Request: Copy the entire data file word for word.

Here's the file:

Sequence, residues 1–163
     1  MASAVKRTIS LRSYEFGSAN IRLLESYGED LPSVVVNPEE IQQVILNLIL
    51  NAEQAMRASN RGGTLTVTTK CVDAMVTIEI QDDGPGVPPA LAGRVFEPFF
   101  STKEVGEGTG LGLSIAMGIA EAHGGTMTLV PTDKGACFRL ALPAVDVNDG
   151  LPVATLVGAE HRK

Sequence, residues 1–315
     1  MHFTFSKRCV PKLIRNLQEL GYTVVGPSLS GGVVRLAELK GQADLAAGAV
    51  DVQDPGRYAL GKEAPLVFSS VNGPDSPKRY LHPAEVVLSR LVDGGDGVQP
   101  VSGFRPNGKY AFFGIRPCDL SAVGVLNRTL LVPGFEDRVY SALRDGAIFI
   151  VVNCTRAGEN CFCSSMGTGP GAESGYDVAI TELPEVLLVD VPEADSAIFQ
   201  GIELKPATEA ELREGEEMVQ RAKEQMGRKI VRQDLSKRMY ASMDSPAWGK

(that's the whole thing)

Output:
Sequence, residues 1–163
     1  MASAVKRTIS LRSYEFGSAN IRLLESYGED LPSVVVNPEE IQQVILNLIL
    51  NAEQAMRASN RGGTLTVTTK CVDAMVTIEI QDDGPGVPPA LAGRVFEPFF
   101  STKEVGEGTG LGLSIAMGIA EAHGGTMTLV PTDKGACFRL ALPAVDVNDG
   151  LPVATLVGAE HRK

Sequence, residues 1–315
     1  MHFTFSKRCV PKLIRNLQEL GYTVVGPSLS GGVVRLAELK GQADLAAGAV
    51  DVQDPGRYAL GKEAPLVFSS VNGPDSPKRY LHPAEVVLSR LVDGGDGVQP
   101  VSGFRPNGKY AFFGIRPCDL SAVGVLNRTL LVPGFEDRVY SALRDGAIFI
   151  VVNCTRAGEN CFCSSMGTGP GAESGYDVAI TELPEVLLVD VPEADSAIFQ
   201  GIELKPATEA ELREGEEMVQ RAKEQMGRKI VRQDLSKRMY ASMDSPAWGK